For to You, O Lord, I lift up my soul.
For You, Lord, are good, and ready to forgive,
And abundant in mercy to all those who call upon You.
John 14:6-14 (NASB)
I Am the Way
Thomas said to Him, “Lord, we do not know where You are going, how do we know the way?”
Jesus said to him, “I am the way, and the truth, and the life; no one comes to the Father but through Me. If you had known Me, you would have known My Father also; from now on you know Him, and have seen Him.”
Philip said to Him, “Lord, show us the Father, and it is enough for us.” Jesus said to him, “Have I been so long with you, and yet you have not come to know Me, Philip? He who has seen Me has seen the Father; . . .”
Notes on the Scripture
There are many people in the world who, if they hold a preconception, will not abandon it no matter how much evidence they see to the contrary. A person who has a superstition about Friday the 13th could win the lottery and find out his cancer is cured on a Friday the 13th, and he would still think the day is unlucky and be afraid of it.
owhere do we see this more clearly than in the Bible. God led the Hebrews out of Egypt and fed them in the wilderness, all the while performing visible miracles right in front of them; yet, as soon as Moses went up the mountain, they built a golden calf and worshipped it. Here, Philip, who has seen Christ perform miracle after miracle, wants Jesus to “show us the Father.” Jesus is incredulous. He has performed miracle after miracle — and yet, one of his most faithful followers wants more proof.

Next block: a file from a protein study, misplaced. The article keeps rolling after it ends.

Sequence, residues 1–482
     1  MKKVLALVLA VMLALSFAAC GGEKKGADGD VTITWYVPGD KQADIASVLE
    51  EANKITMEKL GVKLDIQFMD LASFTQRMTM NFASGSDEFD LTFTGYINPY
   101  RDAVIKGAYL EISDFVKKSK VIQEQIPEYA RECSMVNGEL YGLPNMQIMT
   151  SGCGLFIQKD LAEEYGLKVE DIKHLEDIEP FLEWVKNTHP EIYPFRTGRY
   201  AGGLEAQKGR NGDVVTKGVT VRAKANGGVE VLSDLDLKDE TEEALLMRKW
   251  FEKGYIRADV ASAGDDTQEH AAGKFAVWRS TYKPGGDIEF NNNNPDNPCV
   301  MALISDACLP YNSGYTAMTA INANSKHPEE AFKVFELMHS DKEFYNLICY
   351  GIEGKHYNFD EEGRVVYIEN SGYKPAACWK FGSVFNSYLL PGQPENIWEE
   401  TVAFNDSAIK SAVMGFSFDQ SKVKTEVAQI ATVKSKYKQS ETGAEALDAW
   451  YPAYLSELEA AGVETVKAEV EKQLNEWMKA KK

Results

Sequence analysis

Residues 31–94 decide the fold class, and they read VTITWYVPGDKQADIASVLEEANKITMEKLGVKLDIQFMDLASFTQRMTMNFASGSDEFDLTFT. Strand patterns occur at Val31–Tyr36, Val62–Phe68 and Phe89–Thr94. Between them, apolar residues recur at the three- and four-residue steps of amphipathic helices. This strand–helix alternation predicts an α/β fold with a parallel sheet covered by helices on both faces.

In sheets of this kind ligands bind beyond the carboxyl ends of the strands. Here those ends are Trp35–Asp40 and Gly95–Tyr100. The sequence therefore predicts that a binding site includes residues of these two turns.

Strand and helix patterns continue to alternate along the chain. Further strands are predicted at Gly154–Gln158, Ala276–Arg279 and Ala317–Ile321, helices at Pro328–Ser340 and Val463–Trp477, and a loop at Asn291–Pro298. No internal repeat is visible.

Jesus convinces him by simply asking Philip to believe Him. Thomas also seems to have questions, and we still call an unreasonable skeptic “doubting Thomas” today (although more because of a similar incident in John 20).
I have often heard people who (like Philip) wanted a “sign from God” to help make a decision in their life. But God’s answer in this passage—and, I suspect, His answer for us today— is that we have already received all the signs we need. At some point, signs from God will end and we will hear the voice of judgment. Christ will not return to make more converts (with the possible exception of some Jews); He will return to claim those who have shown faith in Him and judge those who have not. (Matthew 25:31-46)
Paul puts a different twist on things. Those whom God has not contacted directly have no excuse for not realizing His existence, Paul tells us. “[S]ince the creation of the world” God has shown us who He is and what He is like “by the things that are made.” (Romans 1:20) Paul echoes Psalm 19: “The heavens declare the glory of God; and the firmament [the sky] shows His handiwork. . . . There is no speech nor language where their voice is not heard.”
So let us not be asking God for more signs; let us instead give thanks and praise for His mercy and love, in giving us the abundance of signs and miracles we see every day. We may always pray for miracles, of course; that He will heal our disease, that He will call a wayward child. But when we do, we ask for something in this world, knowing that His salvation is already sufficient for us. We do not pray for a miracle in order to prove His existence or His love.